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10 remarkable Earth facts

Written by  Tuesday, 18 April 2023 12:25
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Every year on 22 April, we’ve celebrated Earth Day and the beautiful planet we call home. Earth Day, established in 1970, has been used to highlight our planet’s environmental challenges and raise awareness of the importance of protecting our world for future generations. But shouldn’t every day be Earth Day? We only have one beautiful planet after all. We hope you enjoy this curated list of 10 of the most remarkable facts about Earth. 

Scroll to the end of the article to take part in ESA's 'You like, we plant' campaign.

Dubai, United Arab Emirates
Dubai, United Arab Emirates

ESA and the German Aerospace Center (DLR), in collaboration with the Google Earth Engine team, have developed the World Settlement Footprint – the world’s most comprehensive dataset on human settlement. Featuring data from the Copernicus Sentinel-1 and Sentinel-2 missions, this unprecedented collection of data on human settlement will advance our understanding of urbanisation on a global scale.

9. Tibetan plateau is Earth’s ‘third pole’

The Tibetan Plateau is often referred to as the 'third pole' owing to the amount of freshwater it contains. With over 46 000 glaciers, the Tibetan Plateau holds the largest reserve of freshwater outside of the North and South Poles.

These glaciers feed the rivers that run through the region, including the Mekong, Yangtze, and Yellow River, providing a vital source of water for millions of people in China and Southeast Asia.

The Tibetan Plateau's glaciers, along with other glaciers around the world, are under threat from climate change. Rising temperatures are causing the glaciers to melt at an unprecedented rate, which could have devastating consequences for the people and ecosystems that depend on them.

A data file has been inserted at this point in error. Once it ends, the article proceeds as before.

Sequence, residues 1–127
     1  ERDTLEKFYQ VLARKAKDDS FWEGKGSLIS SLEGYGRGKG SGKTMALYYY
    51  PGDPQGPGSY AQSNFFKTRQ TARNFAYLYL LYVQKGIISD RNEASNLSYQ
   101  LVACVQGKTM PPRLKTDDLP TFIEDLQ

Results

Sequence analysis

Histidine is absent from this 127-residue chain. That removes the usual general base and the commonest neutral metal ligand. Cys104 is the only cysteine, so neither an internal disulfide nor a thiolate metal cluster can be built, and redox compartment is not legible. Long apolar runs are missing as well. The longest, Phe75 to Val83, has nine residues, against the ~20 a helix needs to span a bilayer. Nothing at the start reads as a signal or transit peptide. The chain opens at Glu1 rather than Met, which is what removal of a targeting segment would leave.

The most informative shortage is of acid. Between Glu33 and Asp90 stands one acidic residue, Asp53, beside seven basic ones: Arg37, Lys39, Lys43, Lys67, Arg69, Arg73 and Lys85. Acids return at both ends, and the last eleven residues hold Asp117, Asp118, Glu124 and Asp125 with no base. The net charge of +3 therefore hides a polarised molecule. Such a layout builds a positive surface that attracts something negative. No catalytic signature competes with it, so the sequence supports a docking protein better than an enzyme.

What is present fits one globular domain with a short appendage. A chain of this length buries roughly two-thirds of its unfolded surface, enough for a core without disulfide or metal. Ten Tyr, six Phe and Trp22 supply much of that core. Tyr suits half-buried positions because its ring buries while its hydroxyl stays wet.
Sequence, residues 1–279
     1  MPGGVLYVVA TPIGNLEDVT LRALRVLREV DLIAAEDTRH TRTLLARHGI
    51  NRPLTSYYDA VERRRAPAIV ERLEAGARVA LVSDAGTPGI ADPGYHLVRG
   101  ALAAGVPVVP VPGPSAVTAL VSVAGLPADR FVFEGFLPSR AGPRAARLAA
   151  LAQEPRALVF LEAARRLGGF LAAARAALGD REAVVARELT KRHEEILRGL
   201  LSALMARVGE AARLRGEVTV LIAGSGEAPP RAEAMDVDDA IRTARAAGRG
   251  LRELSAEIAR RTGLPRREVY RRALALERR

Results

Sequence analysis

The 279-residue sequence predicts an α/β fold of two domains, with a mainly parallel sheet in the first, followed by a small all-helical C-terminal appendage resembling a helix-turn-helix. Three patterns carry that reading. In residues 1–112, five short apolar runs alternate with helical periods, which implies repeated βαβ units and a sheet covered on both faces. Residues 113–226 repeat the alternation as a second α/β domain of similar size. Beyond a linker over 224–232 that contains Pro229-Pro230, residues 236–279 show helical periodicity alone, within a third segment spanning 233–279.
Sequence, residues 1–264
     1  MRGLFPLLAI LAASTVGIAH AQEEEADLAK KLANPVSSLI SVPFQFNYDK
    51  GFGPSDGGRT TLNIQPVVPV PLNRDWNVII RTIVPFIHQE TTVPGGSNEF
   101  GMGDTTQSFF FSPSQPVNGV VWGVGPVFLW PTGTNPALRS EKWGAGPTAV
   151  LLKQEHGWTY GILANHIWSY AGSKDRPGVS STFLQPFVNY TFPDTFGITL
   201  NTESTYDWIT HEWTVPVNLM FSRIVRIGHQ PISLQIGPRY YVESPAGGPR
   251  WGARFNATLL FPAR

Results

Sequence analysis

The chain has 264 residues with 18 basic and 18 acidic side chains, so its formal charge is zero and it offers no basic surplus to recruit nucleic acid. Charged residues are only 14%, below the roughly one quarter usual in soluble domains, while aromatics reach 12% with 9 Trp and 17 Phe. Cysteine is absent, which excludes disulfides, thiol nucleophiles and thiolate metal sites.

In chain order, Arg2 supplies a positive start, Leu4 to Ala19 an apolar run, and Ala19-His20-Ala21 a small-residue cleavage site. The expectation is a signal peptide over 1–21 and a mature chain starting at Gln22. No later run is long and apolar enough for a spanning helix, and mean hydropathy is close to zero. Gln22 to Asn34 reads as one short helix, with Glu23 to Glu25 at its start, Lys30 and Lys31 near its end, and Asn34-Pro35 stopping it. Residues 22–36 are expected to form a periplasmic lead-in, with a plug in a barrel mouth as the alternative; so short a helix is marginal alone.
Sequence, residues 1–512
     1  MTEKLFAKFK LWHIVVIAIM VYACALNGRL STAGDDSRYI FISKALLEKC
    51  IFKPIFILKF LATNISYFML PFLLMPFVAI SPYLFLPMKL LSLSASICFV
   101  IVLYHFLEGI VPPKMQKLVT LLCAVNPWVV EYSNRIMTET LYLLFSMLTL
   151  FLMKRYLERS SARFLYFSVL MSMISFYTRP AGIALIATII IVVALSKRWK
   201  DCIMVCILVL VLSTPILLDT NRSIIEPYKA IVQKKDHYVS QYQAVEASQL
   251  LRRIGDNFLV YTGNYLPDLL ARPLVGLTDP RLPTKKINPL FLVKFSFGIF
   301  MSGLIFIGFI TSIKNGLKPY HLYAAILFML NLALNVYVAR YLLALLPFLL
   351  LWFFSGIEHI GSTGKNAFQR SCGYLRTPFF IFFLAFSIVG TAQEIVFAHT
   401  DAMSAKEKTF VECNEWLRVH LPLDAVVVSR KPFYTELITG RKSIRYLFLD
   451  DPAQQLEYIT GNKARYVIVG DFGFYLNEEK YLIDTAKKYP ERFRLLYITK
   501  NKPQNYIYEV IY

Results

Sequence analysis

New findings have found that values of ice lost from Himalayan glaciers during 2000 to 2020 were, on average, underestimated by 6.5%. This discovery has critical implications for predicting the demise of the region’s glaciers and for managing critical water resources.

10. Trees are breathers

Trees are one of the most effective tools we have to combat climate change. Forests are home to around 80% of biodiversity on land and tropical forests alone produce over 40% of the oxygen we breathe.

Covering around 30% of Earth’s land surface, we depend on forests for our survival. Forests absorb around 8 Gigatonnes a year of carbon dioxide from the atmosphere and play a crucial role in the carbon cycle and climate system.

However, climate change, forest degradation and deforestation are causing much of this stored carbon to be released back into the atmosphere. Recent research found that recovering tropical forests were only successfully combatting a quarter of the current carbon emissions and indicates the importance of preserving and restoring our tropical forests.

To better understand the role of trees in regulating our planet's carbon cycle, ESA’s upcoming mission called Biomass will use advanced radar technology to measure the amount of carbon stored in Earth's forests and other biomass, providing a more accurate assessment of carbon storage and uptake than ever before.

By monitoring changes in biomass over time, scientists will be able to assess the effectiveness of forest conservation efforts and better understand the impact of deforestation on our climate.

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